In a recent article, we described how environmental DNA (eDNA) has been used to detect the presence of aquatic species in lakes and rivers. eDNA studies have demonstrated great potential for surveillance of rare, endangered, and invasive species by simply collecting and analyzing water samples from target habitats. Dr. Caren Goldberg, of Washington State University, is one researcher using a unique combination of Sterlitech filters in her investigations of Yangtze giant softshell turtles in southeast Asia, leopard frogs in Northern Idaho, and invasive New Zealand mud snails in Washington’s Puget Sound.
Many of our eDNA end-user researchers utilize disposable filter funnels for this application. These are convenient, presterilized single-use vacuum holders that contain 0.45µm rated mixed cellulose esters (MCE) membrane filters. This membrane material is great for retaining very small particles potentially holding eDNA; however, the small pore size posed a problem for Dr. Goldberg, as her lake and river samples often had sediment that would cause the filters to clog prematurely. Fortunately, these disposable funnels are designed with a removable filter. Normally the filters are removed after use for subsequent analysis, but this design feature also allows users to replace the filter before use to optimize the funnels for their applications. For example, Dr. Goldberg and her colleagues determined that 5.0µm rated Polyethersulfone (PES) membrane filters worked well for their water samples, allowing them to process larger volumes while still retaining target particles.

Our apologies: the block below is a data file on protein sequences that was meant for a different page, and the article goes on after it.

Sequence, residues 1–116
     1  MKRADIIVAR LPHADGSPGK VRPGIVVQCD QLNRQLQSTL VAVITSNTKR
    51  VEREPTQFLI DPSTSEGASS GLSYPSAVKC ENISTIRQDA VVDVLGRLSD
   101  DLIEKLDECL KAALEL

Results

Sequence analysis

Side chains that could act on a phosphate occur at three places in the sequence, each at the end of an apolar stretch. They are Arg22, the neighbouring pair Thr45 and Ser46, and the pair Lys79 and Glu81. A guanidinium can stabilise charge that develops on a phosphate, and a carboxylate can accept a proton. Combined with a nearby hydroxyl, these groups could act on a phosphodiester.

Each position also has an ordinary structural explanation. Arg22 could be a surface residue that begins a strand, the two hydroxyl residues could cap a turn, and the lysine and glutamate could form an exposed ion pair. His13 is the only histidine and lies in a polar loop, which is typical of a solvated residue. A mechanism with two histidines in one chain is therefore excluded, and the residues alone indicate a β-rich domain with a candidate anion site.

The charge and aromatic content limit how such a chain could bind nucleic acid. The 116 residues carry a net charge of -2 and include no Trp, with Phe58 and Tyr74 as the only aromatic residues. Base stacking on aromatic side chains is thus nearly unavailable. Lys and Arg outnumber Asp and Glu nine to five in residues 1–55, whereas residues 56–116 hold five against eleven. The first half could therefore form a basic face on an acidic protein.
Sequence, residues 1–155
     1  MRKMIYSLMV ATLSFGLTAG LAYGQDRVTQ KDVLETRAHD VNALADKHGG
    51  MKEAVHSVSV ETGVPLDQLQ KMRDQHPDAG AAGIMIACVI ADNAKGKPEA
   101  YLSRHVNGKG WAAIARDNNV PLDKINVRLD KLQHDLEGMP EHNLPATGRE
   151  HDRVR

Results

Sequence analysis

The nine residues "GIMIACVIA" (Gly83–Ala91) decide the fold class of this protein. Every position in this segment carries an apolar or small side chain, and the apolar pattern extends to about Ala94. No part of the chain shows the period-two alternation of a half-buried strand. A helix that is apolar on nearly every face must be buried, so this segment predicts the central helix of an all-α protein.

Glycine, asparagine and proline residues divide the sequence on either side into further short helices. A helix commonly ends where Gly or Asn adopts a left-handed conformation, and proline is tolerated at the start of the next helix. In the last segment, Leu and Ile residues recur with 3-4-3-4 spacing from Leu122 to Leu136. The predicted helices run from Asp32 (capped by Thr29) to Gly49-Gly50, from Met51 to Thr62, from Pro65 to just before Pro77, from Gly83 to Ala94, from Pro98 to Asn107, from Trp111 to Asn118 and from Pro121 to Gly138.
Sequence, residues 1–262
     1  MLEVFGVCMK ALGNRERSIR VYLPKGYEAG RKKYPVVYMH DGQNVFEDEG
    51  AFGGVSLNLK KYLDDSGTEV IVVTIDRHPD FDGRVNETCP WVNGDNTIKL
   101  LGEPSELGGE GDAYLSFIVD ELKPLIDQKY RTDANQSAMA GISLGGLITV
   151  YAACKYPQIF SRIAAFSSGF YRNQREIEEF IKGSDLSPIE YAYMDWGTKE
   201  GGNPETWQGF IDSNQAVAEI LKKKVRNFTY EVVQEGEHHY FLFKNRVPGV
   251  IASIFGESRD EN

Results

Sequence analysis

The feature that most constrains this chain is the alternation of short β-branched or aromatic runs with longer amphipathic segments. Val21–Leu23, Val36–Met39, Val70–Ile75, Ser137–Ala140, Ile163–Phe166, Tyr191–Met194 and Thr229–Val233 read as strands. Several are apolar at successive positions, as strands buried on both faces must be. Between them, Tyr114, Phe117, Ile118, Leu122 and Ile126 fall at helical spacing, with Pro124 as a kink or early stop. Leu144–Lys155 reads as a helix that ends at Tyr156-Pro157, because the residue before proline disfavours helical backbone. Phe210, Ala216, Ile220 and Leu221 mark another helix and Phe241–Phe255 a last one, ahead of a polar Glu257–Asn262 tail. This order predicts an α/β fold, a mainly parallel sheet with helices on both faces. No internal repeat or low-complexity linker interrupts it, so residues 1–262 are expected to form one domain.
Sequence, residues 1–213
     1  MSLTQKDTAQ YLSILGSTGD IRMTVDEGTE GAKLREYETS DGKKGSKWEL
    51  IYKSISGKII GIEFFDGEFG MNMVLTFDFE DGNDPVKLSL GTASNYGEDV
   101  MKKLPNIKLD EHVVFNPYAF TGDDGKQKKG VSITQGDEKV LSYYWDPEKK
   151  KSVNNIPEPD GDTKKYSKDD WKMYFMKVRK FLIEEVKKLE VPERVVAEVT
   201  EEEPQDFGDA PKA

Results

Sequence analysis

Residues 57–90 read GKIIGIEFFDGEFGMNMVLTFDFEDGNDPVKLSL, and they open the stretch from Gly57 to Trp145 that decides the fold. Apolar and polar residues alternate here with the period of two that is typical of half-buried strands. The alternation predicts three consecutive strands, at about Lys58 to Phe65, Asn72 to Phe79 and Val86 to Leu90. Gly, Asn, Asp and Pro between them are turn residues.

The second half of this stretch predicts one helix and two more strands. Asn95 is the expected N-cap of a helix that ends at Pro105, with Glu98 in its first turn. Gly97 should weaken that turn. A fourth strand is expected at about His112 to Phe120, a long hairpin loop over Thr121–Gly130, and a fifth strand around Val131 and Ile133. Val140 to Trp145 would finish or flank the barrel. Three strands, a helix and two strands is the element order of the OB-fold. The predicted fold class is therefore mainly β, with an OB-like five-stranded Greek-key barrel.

A fascinating aspect of eDNA studies is the wide diversity of the filters being used, as shown by Dr. Goldberg and others. Instead of the filters converging into one or two standard types, the filters being used are almost as diverse as the studies themselves; researchers have the freedom to select filters that are optimal for their studies.